Yellowdig, a four-year-old, Philadelphia-based education-technology firm whose "online discussion" software is licensed to the University of Pennsylvania, Villanova, and over 40 other universities, has raised another $800,000, lifting its total funding to date to $2.4 million, says Shaunak Roy, founder and chief executive.

The latest funding was led by Musketeer Capital, whose partners include Penn Wharton professor Len Lodish, and was backed by SRI Capital, QBI Ventures, Rosecliff Capital, and angel investor Bob Ciaruffoli, who headed the former Parente Beard when it was the largest Philadelphia accounting firm before its 2014 merger with Chicago-based Baker Tilly.  Earlier funders include 500 Startups, SRI and a group of New York-based funds.

Yellowdig develops a "sense of community in online students" similar to that cultivated by traditional colleges, Lodish said in a statement.

Why not use Facebook Notes, Slack or other communications systems that have grown popular in recent years? Yellowdig posted this note when Facebook disclosed data-security issues earlier this year: Facebook and other mass-market social-media companies typically don't comply with the Family Educational Rights and Privacy Act of 1974, the federal law that prevents sale and sharing of user data — which is how Facebook and other social-media companies stay in business. Social-media platforms collect and sell data on users; Yellowdig and other "ed tech" companies are FERPA-compliant and are required to keep data isolated and secure.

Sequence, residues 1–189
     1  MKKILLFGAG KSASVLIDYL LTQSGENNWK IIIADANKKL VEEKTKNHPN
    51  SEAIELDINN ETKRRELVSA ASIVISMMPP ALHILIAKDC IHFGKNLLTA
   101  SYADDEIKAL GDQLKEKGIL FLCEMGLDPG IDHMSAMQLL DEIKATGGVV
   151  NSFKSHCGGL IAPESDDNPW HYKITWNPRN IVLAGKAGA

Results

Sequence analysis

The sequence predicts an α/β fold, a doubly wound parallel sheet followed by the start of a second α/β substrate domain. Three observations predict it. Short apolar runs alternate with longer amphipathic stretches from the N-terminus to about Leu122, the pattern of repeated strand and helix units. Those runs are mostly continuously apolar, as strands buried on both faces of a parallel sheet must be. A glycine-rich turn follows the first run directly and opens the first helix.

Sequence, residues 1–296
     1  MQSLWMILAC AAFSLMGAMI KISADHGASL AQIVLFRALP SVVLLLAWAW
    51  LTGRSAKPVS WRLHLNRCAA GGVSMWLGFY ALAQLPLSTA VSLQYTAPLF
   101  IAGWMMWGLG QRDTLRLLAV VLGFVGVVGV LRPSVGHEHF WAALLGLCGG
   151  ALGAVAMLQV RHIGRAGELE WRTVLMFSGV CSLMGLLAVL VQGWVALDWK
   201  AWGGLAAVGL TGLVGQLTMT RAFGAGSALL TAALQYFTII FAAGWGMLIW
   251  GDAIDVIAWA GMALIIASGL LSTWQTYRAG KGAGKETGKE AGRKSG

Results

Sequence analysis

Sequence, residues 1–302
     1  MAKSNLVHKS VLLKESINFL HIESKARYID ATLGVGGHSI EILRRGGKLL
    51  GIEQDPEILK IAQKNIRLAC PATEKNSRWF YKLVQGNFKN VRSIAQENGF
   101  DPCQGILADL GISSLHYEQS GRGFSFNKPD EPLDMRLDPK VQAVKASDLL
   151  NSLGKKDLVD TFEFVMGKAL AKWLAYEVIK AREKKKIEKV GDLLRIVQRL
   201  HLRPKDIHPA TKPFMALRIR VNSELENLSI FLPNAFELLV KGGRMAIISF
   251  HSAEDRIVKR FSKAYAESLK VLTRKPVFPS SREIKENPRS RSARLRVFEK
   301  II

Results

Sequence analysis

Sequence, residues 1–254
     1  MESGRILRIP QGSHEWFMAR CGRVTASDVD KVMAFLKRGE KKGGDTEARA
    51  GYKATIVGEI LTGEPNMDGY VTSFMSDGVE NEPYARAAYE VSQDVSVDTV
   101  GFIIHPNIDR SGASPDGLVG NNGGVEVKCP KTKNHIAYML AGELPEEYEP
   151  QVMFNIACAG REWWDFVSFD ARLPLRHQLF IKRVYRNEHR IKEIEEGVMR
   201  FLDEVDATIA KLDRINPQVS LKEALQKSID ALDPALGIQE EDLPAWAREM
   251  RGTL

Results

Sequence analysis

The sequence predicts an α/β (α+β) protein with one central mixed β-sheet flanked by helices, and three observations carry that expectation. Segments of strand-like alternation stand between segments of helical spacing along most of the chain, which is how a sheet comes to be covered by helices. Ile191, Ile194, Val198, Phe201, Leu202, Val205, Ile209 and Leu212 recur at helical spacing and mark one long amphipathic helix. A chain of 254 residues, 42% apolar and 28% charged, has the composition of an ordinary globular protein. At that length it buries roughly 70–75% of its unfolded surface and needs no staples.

Yellowdig said it offers additional college-friendly services: "anonymous posting options for peer feedback, and conversations on sensitive topics;" a "gamified point system" that gives students incentives to post comment and content, boosting online class participation; and enables posting of computer-science code and math equations.

The system also differs from older FERPA-compliant systems by relying on Amazon Web Services servers — cloud computing designed to speed and secure smartphone communications, making the system easier to use from remote locations.

The firm says its service is available to a total of more than 150,000 students and instructors. Roy called it "a carefully-designed hybrid between a university social network and a course-management tool" that makes it easy to post and discuss syllabus materials and related articles to "dramatically increase overall course participation and management, especially in online or distance programs."

Roy is a former director of corporate business development at FMC Corp., the Philadelphia pesticide and lithium manufacturer.